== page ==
So why could university be free in the 1970s but not today?

Sports Science and all that are good courses with high employment rates if you want to get into coaching etc.

A lot of the worst courses wage wise requite good grades. Philosophy, English Lit etc. This has always been the case though. Its just that education seem to be seen as something to get employed rather then a way to create a more educated populas. Creating a richer more critical society.

Their are a lot of course that are basically traps though in many senses. Most of these are just poor versions of courses that would be good at a better institution. The current funding modal promotes expanding courses and student numbers while cutting teaching and resources. Execs wages have ballooned at the same time. My small college of about 2000 people was paying the vice chancellor £200,000, with raises of 15/30% every year while lecturers wages were frozen.

That’s nitpicking. My dad’s family wouldnt have had much money, if that’s a more acceptable term. The point was he would not have been able to afford university if there were fees.

In fact one of the more persuasive arguments for charging wealthier students tuition fees, with aim of increasing lower income participation in higher education, is that why should lower income tax payers pay to support free higher education for the better off? The 1st generation tuition fees seems fairer to me, and I paid them off fine, although it’s gone too far now with top up fees.

To be honest I think the whole system of academia needs to change to bring the cost down for everyone. Getting a degree =/= going to university. Only a certain section of the population need to actually GO to university it seems to me - the rest can be covered by things like distance learning and online tutorials. Plus let’s not romanticise ‘going to university’ - mine and many others’ experience was that it was a middle-class piss up for 3 years. Could’ve done it all online/distance learning while working part time.

It’s always come at a cost.

It’s just that the government used to pay that cost.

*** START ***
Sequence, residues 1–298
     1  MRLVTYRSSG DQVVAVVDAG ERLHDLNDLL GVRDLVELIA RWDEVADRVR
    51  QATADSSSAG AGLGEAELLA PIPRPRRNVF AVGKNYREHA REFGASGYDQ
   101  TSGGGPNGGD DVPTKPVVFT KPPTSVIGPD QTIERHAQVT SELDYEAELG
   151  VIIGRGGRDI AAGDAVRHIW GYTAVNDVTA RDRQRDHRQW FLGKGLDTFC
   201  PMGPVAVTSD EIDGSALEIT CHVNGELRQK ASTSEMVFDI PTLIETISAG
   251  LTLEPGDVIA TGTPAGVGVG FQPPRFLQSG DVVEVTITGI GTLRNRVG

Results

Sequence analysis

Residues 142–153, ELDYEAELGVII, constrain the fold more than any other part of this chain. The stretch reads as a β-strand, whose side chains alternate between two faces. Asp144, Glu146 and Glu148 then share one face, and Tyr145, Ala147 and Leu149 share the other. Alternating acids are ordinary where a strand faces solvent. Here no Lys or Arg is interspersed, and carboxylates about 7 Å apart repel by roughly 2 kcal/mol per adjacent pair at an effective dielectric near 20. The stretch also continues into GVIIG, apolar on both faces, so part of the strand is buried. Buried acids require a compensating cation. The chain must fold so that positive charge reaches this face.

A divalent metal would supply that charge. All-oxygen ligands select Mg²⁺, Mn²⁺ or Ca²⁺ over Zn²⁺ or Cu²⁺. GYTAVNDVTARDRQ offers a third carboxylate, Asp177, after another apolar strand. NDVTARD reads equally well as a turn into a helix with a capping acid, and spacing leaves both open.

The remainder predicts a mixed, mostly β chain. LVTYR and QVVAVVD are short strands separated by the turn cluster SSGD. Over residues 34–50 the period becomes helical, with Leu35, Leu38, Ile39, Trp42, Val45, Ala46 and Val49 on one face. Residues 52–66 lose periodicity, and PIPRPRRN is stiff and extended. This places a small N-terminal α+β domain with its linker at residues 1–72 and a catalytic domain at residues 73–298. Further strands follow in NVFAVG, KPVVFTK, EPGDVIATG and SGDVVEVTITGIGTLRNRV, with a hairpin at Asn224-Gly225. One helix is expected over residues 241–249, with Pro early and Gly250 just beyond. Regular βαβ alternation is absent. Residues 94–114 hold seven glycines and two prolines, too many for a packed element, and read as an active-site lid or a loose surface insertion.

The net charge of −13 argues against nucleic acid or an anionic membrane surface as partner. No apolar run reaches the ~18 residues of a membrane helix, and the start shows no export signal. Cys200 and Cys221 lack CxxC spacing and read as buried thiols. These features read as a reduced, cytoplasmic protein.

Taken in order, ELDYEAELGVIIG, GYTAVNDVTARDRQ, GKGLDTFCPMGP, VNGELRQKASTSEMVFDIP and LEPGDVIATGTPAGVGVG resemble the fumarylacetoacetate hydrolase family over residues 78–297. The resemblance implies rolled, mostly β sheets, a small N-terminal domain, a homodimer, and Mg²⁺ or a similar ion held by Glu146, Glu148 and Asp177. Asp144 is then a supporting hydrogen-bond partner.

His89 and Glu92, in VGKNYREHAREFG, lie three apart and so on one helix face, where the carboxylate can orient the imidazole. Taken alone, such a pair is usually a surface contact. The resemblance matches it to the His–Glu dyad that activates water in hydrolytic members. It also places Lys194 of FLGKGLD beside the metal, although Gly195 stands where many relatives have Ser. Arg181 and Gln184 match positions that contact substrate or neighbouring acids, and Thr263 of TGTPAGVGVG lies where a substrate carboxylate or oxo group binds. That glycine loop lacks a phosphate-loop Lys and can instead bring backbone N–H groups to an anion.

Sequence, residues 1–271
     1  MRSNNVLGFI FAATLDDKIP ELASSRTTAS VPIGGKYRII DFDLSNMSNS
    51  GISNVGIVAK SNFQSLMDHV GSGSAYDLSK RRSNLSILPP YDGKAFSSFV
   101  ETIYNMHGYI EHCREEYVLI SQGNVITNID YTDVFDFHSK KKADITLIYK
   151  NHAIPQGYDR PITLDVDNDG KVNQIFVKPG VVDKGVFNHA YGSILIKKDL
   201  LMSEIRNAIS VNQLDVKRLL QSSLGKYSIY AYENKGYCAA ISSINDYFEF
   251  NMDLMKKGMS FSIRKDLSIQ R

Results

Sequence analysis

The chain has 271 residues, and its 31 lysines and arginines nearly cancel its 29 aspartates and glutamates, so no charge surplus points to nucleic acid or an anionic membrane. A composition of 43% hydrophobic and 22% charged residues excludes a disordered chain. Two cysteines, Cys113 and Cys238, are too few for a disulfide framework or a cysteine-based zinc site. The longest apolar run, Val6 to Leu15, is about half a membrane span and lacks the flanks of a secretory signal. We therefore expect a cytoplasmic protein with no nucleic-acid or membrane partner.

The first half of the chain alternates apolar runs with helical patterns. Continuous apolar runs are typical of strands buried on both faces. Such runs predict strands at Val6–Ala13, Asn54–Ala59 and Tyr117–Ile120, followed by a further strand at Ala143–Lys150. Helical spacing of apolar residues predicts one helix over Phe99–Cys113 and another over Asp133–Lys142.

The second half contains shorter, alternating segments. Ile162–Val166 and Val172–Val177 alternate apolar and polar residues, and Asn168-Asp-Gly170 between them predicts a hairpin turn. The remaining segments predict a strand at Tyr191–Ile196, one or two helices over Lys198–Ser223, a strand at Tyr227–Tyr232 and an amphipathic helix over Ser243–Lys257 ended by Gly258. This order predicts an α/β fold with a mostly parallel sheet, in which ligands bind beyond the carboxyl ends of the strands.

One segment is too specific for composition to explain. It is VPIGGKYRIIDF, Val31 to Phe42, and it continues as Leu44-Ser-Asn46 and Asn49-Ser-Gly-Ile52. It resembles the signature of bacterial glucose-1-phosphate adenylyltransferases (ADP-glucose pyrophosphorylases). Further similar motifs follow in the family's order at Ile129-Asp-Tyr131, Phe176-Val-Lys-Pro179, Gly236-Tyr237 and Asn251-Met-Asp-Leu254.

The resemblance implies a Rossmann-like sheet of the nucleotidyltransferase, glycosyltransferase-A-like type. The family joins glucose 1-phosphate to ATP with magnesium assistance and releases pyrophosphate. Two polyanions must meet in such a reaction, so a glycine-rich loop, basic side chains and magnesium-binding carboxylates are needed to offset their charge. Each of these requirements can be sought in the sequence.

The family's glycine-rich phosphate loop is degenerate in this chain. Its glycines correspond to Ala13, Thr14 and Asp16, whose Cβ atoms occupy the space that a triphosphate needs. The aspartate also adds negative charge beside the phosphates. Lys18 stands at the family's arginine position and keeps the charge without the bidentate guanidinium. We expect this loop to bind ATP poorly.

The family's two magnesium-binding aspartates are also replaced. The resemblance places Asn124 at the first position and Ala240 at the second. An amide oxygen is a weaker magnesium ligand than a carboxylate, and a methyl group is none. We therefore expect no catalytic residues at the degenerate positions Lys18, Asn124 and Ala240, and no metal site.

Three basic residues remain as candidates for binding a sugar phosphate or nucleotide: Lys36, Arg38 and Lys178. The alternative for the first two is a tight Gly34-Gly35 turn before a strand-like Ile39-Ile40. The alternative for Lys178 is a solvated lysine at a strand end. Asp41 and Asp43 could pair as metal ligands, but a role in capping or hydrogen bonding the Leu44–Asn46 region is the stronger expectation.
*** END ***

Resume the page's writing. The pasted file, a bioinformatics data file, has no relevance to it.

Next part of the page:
(incidentally, teaching AND research in most UK HEIs both operate at a loss. Great stuff)

So many reasons for this, I don’t even know where to begin. It depresses the fuck out of me. We have the most expensive tuition fees in Europe but degrees do not cost £9000 a year. That figure is a con. The reason why most Universities charge that much is out of social status and marketing. E.g. The fear that University A would have in charging less than £9000, is that if University B down the road charge the full amount, then applicants may believe that B is the “stronger” “better” university. So A charges as much as B.

And from the perspective of the applicant, If you’re paying £6000, what’s £3000 more on a loan for a better degree and what seems negligible and in the far off future of adulthood? Bear in mind that people are 17 years old when applying to University. They haven’t been taught extensively about loans and finances and money and banks . It is morally repugnant we prepare students so little for the cost of it all. Granted, who would want to do that? If schools and sixth forms do it, students may be put off from going to University and that brings their conversion rate down which in turn hurts the government’s image.

So Universities charge the full amount, sanctioned by the government, accepted by new undergraduates, and now only a minority of people are angry about it. Even though Universities are amassing a huge surplus of cash. The current estimate being that across all institutions since 2010, reserves have risen 72% to over 21 billion pounds. Universities aren’t quite sure what to do with this, but they certainly want as much of it as they can get. Not that it feeds back into University staff. The majority of which have been offered an annual pay rise of a miserly 1.1%, meanwhile vice-chancellors have seen an average rise of 6.1%. The amount of money increasing at the top of University hierarchies is increasing rapidly, with over 5000 University employees being paid over £100,000 a year. Longstoryshort: degrees are now another large cog within the capitalist economy.

We’ve allowed this to happen. How? Well, votes. Younger people generally don’t have high turnout, and if they did maybe things would different. Older people who are financially secure, who may vote Tory, who may be middle/upper class, they don’t see the fee as an issue. Because it’s a loan where there is little penalty for not paying it back, and because those voters aren’t immediately concerned by the cost.